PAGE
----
6 Macro Charts traders need on their radar
This week contained ample economic data for traders to absorb from flash PMI’s, bond auctions, Q4 GDP final revisions, jobless claims and the recently released. Initial jobless claims came in at 684k (730k exp) and continuing claims printed at 3870k (4000k expected) and Q4 GDP growth was revised modestly higher. The bond auctions weren’t great, particularly so for the 7-year maturity which tailed quite significantly and spilled over into the 10-year yield. However, it was a significant improvement on February’s auction. We just received the core PCE print (Fed’s preferred inflation metric) which came in at 1.4% vs 1.5% exp, this has seen some indecisive choppy price action on the more shorter timeframes. Next week we receive US ISM manufacturing data and Non-Farm payrolls which are expected to both be very strong. Real yields remain in a tight range, with a push through the current range high of -0.54% helping to propel the dollar higher. DXY index is weighted 57% by the euro, so upside dollar price action will be heavily skewed by a weaker euro.
The dollar is a bit softer today which could be down to some profit taking into the weekend after a strong run. Viewing the technicals, a key point is that price has now closed above the 200-day SMA. The DXY seems to be taking a bit of a breather now as it hits some topside resistance in the form of the 93 level and the underside of the uptrend line from January. For bulls the price candle needs to close above the 200-day SMA into the weekend to push back selling pressure. However, a bearish signal has formed on the charts in the form of negative divergence on the RSI, which has now begun to rollover. It made lower highs while price made higher highs, a sign of waning momentum. Maybe a retest of the 92 price support (just above the 21-day EMA) as well as the RSI 55 level is in order before fresh longs are deployed. Net specs short positioning on the dollar has been reduced dramatically over the last 2 weeks, tonight’s CFTC data will provide a further update on this potential new short covering trend.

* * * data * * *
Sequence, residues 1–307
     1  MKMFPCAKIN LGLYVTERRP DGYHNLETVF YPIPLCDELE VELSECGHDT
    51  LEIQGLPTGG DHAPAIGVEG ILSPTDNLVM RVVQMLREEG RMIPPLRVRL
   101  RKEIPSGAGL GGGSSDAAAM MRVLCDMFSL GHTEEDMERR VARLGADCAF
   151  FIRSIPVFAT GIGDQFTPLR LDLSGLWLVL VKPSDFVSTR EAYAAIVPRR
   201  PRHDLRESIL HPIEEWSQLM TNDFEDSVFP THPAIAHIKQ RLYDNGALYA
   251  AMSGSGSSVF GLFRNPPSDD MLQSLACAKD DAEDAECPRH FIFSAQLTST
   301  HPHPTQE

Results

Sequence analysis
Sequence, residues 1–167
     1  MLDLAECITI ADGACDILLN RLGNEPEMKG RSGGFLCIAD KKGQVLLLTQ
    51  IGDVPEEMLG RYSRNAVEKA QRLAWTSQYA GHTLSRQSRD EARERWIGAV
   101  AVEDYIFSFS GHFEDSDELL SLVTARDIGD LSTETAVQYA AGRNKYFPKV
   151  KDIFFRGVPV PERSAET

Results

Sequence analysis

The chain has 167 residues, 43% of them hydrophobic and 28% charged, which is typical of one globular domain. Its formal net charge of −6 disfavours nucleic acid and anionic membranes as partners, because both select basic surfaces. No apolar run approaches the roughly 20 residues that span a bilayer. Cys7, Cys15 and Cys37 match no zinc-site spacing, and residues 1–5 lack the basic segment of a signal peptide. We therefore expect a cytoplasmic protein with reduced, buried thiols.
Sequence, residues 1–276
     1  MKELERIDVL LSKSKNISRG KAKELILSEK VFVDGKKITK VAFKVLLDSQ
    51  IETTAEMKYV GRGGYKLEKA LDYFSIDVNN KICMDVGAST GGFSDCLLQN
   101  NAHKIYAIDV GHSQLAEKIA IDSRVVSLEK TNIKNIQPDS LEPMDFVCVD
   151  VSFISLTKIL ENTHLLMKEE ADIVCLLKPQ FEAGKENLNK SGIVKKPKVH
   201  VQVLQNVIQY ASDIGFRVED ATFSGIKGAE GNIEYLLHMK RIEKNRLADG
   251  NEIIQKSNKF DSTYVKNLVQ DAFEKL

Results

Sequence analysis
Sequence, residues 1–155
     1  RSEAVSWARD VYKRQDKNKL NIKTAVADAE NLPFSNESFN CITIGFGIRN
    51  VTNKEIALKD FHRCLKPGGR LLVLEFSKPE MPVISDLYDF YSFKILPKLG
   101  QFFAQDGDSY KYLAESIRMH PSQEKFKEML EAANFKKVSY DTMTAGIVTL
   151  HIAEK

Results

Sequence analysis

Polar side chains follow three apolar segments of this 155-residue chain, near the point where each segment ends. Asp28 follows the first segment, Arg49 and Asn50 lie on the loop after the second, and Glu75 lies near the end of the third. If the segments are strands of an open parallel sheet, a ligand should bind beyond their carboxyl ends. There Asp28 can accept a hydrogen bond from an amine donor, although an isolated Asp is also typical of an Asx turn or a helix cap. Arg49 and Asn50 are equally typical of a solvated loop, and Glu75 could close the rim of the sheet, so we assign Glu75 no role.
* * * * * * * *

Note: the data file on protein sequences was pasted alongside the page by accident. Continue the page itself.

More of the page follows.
Dark Blue Line: 200-day SMA; Light Blue Line: 50-day SMA; Pink Line: 21-day EMA (same for all other charts)
The single currency has been under pressure for most of the week despite solid flash PMI data across the region, although some of this data is likely stale given that France and Germany recently renewed restrictions . Today, German Ifo data was also robust. A top German public health official stated there are clear signals that this wave could be worse than the first two, which is an ominous sign for the 3rd wave in Europe. The key issues for the euro are the same: 1) Increasing restrictions as a result of a deteriorating virus situation 2) Failure to improve the vaccine rollout 3) EU recovery funds still not deployed 4) Widening US-EU bond spread and growth outlook. Positioning data although now under 100k with the latest data pointing to circa 90k, it is still chunky given the fundamental outlook for the euro.